Elisabeth Wolfe, a 16-year-old junior at Princeton High School, is active in a number of peace efforts protesting military action in Iraq. She explains: "I'm in New Jersey Students for Peace, a group made up of high school students from the Princeton area. About ten different schools are in the group." Elisabeth says the main goal of the organization is to increase support of the peace movement and to raise awareness of such issues as increased military spending.
Elisabeth has participated in peaceful protests against the war in Princeton's Palmer Square as well as in New York City. "This isn't a political issue for me," says Elisabeth. "I believe all war is wrong. You simply can't fight violence with violence."
At the Palmer Square event in June, Elisabeth had a chance to address the audience briefly from the podium. "I emphasized to the young people out there that we're the ones who can change our own future. I support the soldiers as people and I am concerned about their dying," she explains. Elisabeth sees her current work as an extension of her personal beliefs. "While I don't know exactly what I am going to do when I grow up, I do see myself doing some sort of relief work and traveling about the world to help people." She sees herself possibly becoming a teacher or a political activist. Elisabeth is already well on her way.
The Gallup Organization asked teens whether they believe that the situation in Iraq was worth going to war over. Nearly two-thirds (62%) of respondents agreed that the situation was worth going to war over, while 37% said it was not. Among U.S. adults, the percentage saying they feel the war was worthwhile has fluctuated somewhat in recent months, from 65% in mid-December 2003 to 49% at the end of January 2004 to 55% in early March 2004.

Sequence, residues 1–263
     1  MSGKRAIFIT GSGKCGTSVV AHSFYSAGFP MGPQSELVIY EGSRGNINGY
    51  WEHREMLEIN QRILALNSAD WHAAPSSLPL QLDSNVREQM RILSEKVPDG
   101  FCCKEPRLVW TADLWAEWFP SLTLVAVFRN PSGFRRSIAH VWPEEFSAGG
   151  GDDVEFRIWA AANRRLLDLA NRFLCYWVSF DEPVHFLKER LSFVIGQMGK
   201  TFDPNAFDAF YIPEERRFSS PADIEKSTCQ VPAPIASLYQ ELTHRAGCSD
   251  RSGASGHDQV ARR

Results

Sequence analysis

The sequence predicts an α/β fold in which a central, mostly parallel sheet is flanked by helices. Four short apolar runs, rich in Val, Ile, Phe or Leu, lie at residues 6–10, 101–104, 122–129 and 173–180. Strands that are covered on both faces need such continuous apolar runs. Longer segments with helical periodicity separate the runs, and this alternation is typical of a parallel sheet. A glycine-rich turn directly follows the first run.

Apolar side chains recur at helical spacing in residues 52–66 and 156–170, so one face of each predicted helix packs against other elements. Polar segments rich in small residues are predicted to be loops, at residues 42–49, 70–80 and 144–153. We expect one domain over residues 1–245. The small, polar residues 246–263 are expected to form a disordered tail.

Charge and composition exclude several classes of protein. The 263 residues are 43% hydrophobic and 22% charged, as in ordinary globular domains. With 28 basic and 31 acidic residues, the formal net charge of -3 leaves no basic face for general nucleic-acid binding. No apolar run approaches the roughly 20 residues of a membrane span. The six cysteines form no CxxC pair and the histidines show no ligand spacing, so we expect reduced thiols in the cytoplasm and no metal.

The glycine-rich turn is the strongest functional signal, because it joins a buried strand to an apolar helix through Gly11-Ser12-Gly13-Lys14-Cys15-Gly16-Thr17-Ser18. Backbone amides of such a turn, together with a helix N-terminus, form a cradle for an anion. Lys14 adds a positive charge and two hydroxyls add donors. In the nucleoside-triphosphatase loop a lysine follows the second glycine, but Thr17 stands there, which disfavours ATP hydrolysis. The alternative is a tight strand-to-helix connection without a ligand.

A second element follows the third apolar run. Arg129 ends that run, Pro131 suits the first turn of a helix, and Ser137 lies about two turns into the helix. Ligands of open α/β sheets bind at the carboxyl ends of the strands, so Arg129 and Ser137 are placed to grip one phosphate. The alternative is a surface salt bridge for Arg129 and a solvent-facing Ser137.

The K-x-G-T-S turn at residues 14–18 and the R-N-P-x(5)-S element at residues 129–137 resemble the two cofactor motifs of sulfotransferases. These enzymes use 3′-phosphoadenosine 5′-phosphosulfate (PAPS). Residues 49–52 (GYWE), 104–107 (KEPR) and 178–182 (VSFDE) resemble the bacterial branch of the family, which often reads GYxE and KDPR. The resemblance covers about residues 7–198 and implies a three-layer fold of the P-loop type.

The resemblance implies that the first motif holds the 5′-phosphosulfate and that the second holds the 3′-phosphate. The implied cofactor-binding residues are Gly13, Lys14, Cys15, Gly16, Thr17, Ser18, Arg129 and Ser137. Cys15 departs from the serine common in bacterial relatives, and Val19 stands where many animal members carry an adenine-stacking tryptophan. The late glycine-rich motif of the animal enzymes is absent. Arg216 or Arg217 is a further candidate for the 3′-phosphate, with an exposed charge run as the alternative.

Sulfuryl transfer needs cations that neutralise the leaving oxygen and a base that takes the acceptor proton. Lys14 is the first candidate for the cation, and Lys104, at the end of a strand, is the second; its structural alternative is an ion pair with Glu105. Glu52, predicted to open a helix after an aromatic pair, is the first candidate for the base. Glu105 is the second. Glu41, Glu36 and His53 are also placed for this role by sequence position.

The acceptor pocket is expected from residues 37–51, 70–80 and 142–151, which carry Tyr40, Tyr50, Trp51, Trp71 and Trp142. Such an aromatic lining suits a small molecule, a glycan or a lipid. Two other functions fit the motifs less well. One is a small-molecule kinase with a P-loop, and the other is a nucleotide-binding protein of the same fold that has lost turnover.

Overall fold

The current support for the war among teens varies greatly by race--69% of white teens feel the situation was worth going to war over, as do just 49% of non-white teens. Not surprisingly, political leanings strongly influence the view of teens on the war. Eighty-five percent of teens who say they plan to vote Republican when they are old enough believe the situation was worth going to war over, while less than half that percentage of Democratic teens (41%) feel the same. Teens who plan to vote as independents fall between the other two groups, at 62%.
Although most teens feel that the war in Iraq was worth it, fewer believe that the war has accomplished one of the main objectives that President Bush put forth before the attack--making the U.S. safer from terrorism. Only (37%) of teens said that the U.S. is safer because of the war, but a substantial number--28%--feels that it has made the country less safe, and 33% thinks that the war in Iraq has not had any effect on U.S. safety from terrorism.
Source: Gallup Youth Survey, conducted between January 22 and March 9, 2004.